Strategies for Water Pollution Control in Dhaka, Bangladesh: An Institutional and Economic Analysis

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This paper presents primary data based on research carried out as part of a large World Bank project. Results from our survey show that water pollution in Dhaka watershed has reached alarming levels and is posing significant threats to health and economic activity, particularly among the poor and vulnerable. Rice productivity in the watershed area, for example, has declined by 40% in recent years and vegetable cultivation in the riverbeds has been severely damaged. We also found significant correlation between water pollution and diseases such as jaundice, diarrhoea and skin problems. It was reported that the cost of treatment of skin diseases for one episode could be as high as 29% of the weekly earnings of poor households. Given the magnitude of the contamination problem, a multi-agent stakeholder approach was necessary to analyse the institutional and economic constraints that would need to be addressed in order to improve environmental management. This approach, in turn, enabled core strategies to be developed. The strategies were better understood around three types of actors in industrial pollution, i.e. (1) principal actors, who contribute directly to industrial pollution; (2) stakeholders, who exacerbate the situation by inaction; and (3) the potential actors in mitigation of water contamination. Within a carrot-and-stick framework, nine strategies leading to the strengthening of environmental management were explored. They aim at improving governance and transparency within public agencies and private industry through the setting up of incentive structures to advance compliance and enforcement of environmental standards. Civil society and the population at large are, on the other hand, encouraged to contribute actively to the mitigation of water pollution by improving the management of environmental information and by raising public awareness.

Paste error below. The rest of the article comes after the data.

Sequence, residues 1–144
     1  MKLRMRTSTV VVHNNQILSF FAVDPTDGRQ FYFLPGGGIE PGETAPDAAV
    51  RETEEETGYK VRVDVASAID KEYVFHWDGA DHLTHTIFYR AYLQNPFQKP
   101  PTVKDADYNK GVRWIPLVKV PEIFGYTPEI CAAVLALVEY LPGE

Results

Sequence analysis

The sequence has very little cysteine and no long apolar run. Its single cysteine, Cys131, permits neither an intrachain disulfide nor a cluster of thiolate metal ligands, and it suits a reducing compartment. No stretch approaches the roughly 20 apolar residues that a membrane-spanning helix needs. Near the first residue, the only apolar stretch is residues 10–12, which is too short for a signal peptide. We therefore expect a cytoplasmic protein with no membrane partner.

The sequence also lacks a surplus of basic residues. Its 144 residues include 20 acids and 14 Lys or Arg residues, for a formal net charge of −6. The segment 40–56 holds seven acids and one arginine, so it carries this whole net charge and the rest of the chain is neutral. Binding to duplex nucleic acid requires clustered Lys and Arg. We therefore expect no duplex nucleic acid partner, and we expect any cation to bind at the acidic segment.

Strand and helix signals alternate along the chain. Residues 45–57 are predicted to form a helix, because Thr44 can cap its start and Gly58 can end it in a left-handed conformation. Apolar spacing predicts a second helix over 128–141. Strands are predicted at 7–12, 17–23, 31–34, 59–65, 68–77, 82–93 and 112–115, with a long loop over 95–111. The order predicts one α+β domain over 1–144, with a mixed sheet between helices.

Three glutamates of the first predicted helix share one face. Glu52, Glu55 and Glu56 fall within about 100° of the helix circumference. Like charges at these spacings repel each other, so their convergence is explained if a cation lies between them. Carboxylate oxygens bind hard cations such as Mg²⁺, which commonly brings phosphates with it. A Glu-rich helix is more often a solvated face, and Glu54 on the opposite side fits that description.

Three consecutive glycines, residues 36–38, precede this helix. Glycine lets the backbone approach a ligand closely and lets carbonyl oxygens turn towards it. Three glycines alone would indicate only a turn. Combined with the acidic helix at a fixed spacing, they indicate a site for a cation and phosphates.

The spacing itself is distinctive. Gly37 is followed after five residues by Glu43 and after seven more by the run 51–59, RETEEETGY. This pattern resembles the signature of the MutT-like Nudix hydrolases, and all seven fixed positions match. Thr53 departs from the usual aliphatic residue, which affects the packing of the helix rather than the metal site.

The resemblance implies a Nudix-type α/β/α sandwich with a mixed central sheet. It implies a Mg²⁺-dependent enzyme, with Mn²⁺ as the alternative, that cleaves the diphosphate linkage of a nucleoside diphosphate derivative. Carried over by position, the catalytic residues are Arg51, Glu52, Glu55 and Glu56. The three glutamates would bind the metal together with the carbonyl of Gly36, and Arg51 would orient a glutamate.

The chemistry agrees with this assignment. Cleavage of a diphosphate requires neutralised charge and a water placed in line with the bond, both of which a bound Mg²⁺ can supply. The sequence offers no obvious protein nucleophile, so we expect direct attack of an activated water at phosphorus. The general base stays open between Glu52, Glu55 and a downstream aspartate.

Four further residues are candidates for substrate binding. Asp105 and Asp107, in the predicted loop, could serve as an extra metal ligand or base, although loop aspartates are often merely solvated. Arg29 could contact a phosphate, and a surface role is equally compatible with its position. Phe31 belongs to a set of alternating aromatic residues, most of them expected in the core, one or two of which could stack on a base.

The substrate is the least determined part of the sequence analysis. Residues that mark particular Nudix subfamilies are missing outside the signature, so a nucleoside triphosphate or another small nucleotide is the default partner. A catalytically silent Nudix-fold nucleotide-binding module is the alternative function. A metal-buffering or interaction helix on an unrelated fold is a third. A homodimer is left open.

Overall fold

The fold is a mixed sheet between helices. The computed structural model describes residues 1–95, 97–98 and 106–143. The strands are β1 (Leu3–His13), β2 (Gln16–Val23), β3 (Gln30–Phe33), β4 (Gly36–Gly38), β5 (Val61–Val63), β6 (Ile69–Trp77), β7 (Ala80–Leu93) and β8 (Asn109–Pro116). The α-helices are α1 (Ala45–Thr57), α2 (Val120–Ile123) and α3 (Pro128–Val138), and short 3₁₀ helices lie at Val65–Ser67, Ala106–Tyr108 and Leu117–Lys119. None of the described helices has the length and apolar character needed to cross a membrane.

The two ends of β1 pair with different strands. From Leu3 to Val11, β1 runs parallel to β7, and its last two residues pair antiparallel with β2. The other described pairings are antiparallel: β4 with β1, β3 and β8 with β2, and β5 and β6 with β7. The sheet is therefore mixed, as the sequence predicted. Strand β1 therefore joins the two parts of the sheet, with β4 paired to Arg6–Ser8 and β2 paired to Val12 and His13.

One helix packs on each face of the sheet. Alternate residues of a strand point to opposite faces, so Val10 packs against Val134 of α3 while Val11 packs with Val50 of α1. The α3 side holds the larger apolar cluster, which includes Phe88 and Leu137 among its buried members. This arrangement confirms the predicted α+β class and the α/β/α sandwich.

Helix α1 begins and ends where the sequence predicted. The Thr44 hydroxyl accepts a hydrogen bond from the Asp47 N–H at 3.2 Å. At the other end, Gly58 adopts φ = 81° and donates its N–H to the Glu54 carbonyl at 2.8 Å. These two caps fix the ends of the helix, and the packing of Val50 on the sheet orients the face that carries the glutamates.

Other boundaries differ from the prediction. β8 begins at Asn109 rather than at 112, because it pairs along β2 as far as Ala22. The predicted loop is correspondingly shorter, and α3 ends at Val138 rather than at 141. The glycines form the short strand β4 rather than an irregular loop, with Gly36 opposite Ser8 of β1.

Keywords: Water Pollution, Health and Economic Impacts, Bangladesh, Clean Technologies, Institutional Development
Stream: Economics and Management
Presentation Type: Paper Presentation in English
Paper: , Industrial Water Pollution in Dhaka, Bangladesh


Dr. Ana Marr

Programme Area Director, Department of International Business and Economics
Business School, University of Greenwich

London, London, UK

Dr Ana Marr is Programme Area Director and Principal Lecturer at the University of Greenwich. She is a senior economist with over 15 years of policy-making research, consultancy and lecturing experience in economic and financial-market development, pro-poor credit, microfinance, poverty reduction, business development services, social capital, financial services for enterprise development, warehouse-receipt systems, private capital flows, foreign direct investment, international trade and IFI conditionality. Her extensive overseas experience includes 8 years with Central Bank of Peru, 2 years in Thailand, plus Afghanistan, Armenia, Bangladesh, Bolivia, Bulgaria, Colombia, Romania, Tanzania, South Africa and Zimbabwe. She has undertaken extensive research work for the World Bank, the UK Department for International Development, EU, GTZ, CFC, among other major international organisations.

Dr. Nandini Dasgupta

Reader and Director, School of Humanities, University of Greenwich
London, UK

Dr Nandini Dasgupta is a development economist with 25 years experience as university lecturer on development, employment and environment (Calcutta, Bombay, London School of Economics). Currently Reader of the University of Greenwich at NRI. 10 years experience in enterprise development and regional growth, socio-economic impact assessment, urban poverty and employment generation, and livelihood strategies. Country experience in Bangladesh, Costa Rica, Vietnam, and long-term in India. Fluent in Bengali.

Ref: I08P0278